While the economy bumps along, the solar market is experiencing an unprecedented boom. The industry in the first quarter grew by 66 percent year-over-year.
“The first quarter of 2011 was the best first quarter in the history of the U.S. solar industry,” said Tom Kimbis, vice president of strategy and external affairs for SEIA. “First quarters are typically slow because of the weather as we saw that in the Northeast because of the snow.”
The commercial sector was where the greatest growth cam, not an unexpected outcome.
“The majority of this growth came in the non-residential sector, which grew 119% over Q1 2010. Despite strong growth in the first quarter, the market will need to ramp up even faster in order to meet industry expectations, which generally anticipate at least another doubling of the total U.S. PV market in 2011. Given the pipeline of projects and recent module price declines, we believe this outcome remains likely,” the report said.
Some highlights include:
• Grid-connected PV installations in Q1 2011 grew 66 percent over Q1 2010 to reach 252 MW.
• Cumulative grid-connected PV in the U.S. has now reached over 2.3 GW.
• The top seven states installed 88% of all PV in Q1 2011, up from 82% in 2010.
• Non-residential installations in Q1 2011 more than doubled over Q1 2010 in 10 of the top 21 states.
• Construction is underway on the 30 MW Alamosa CPV plant (in Colorado), with expected completion in 2011.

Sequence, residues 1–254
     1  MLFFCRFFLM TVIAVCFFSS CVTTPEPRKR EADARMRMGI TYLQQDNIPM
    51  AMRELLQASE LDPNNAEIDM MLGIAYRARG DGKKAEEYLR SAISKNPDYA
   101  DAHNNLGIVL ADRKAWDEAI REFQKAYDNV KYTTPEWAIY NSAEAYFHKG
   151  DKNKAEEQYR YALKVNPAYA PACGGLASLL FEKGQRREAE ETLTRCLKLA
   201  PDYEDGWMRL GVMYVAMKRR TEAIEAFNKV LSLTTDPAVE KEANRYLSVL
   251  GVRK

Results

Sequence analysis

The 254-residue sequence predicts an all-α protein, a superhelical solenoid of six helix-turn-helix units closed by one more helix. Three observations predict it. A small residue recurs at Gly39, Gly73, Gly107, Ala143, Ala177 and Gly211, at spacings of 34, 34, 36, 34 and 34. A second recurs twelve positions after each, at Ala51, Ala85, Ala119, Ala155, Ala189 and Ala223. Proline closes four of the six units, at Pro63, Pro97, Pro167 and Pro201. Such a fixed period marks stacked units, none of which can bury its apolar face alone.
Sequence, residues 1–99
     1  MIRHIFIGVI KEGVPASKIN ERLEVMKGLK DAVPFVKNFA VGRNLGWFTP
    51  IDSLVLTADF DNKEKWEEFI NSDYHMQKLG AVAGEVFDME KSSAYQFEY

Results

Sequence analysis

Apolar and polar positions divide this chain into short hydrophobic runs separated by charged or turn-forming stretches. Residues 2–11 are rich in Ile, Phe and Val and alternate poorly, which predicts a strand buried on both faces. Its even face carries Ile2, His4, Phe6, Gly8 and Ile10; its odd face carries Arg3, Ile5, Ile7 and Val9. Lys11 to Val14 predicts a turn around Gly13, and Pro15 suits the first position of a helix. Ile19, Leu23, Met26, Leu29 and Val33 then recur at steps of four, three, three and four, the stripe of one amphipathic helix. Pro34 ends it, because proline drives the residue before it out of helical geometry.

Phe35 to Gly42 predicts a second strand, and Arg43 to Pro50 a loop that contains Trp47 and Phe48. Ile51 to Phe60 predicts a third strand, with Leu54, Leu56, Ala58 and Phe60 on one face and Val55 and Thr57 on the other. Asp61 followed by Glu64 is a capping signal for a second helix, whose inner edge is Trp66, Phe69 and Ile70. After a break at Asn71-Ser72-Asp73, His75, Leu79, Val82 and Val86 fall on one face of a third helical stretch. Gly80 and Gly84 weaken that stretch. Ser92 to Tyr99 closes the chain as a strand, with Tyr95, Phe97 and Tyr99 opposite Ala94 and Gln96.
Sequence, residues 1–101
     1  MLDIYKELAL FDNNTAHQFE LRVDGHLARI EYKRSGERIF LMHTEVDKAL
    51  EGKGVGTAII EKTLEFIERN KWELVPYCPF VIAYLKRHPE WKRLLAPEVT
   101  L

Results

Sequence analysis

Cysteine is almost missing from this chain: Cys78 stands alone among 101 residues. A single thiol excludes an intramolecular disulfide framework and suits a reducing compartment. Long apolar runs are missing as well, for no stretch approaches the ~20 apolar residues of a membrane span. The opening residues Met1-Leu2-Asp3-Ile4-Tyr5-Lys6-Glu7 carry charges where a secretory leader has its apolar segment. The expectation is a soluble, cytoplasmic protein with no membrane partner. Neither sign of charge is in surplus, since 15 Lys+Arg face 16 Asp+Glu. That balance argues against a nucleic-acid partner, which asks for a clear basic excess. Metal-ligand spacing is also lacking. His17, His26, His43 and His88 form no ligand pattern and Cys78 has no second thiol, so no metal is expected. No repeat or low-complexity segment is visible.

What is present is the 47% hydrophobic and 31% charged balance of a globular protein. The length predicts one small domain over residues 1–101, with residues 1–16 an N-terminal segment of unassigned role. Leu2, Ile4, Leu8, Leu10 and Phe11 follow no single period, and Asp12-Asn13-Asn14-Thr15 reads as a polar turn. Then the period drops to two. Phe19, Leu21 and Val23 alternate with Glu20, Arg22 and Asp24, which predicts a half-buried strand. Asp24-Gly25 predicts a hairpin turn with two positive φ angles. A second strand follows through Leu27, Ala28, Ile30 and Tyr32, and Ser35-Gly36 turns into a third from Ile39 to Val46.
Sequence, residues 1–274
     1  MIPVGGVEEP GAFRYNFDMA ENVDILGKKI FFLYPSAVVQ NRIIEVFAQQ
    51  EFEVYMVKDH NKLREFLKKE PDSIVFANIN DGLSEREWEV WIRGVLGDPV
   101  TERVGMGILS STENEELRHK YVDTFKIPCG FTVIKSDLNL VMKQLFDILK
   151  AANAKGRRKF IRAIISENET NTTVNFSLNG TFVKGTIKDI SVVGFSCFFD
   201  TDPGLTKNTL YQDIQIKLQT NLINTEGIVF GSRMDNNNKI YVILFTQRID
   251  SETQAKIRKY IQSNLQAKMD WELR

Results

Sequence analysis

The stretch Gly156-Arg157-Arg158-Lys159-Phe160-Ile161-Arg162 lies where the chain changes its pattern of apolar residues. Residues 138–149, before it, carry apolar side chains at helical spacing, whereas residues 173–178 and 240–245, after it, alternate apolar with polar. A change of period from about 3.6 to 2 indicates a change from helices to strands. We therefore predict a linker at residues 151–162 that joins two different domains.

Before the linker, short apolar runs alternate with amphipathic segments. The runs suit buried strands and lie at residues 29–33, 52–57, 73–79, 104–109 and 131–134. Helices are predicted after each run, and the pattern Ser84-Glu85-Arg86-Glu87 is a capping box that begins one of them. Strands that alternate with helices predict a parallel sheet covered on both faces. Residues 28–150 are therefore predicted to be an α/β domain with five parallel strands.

• There is a Concentrating Solar (combined CSP and CPV) pipeline of over 9 GW in the U.S.; more than 2.4 GW have signed PPAs.
• In total, 1,100 MW of CSP and CPV are now under construction in the U.S.
The total value of U.S. solar market installations grew 67 percent from $3.6 billion in 2009 to $6.0 billion in 2010. Solar electric installations in 2010 totaled 956 megawatts to reach a cumulative installed capacity of 2.6 gigawatts.
The uncertain policy environment played a role in the build-out as expiring programs and instability in the tax equity markets continued to dog al renewable energy development.
“We believe part of the boost to the market came from projects that were started in the fourth quarter of last year by developers trying to take advantage of the 1603 Treasury grant program, which was set to expire at the end of last year,” Kimbis said.
The pipeline of utility scale projects shows a healthy future in that segment. “There are 8.6 gigawatts of utility scale projects that have signed power purchase agreements,” said Shayle Kann, of GTM Research.
The utility sector has been growing (28 percent market share in 2010), while residential remained relatively steady, accounting for around 30 percent of total installations.
So the growth trend may continue for some time.
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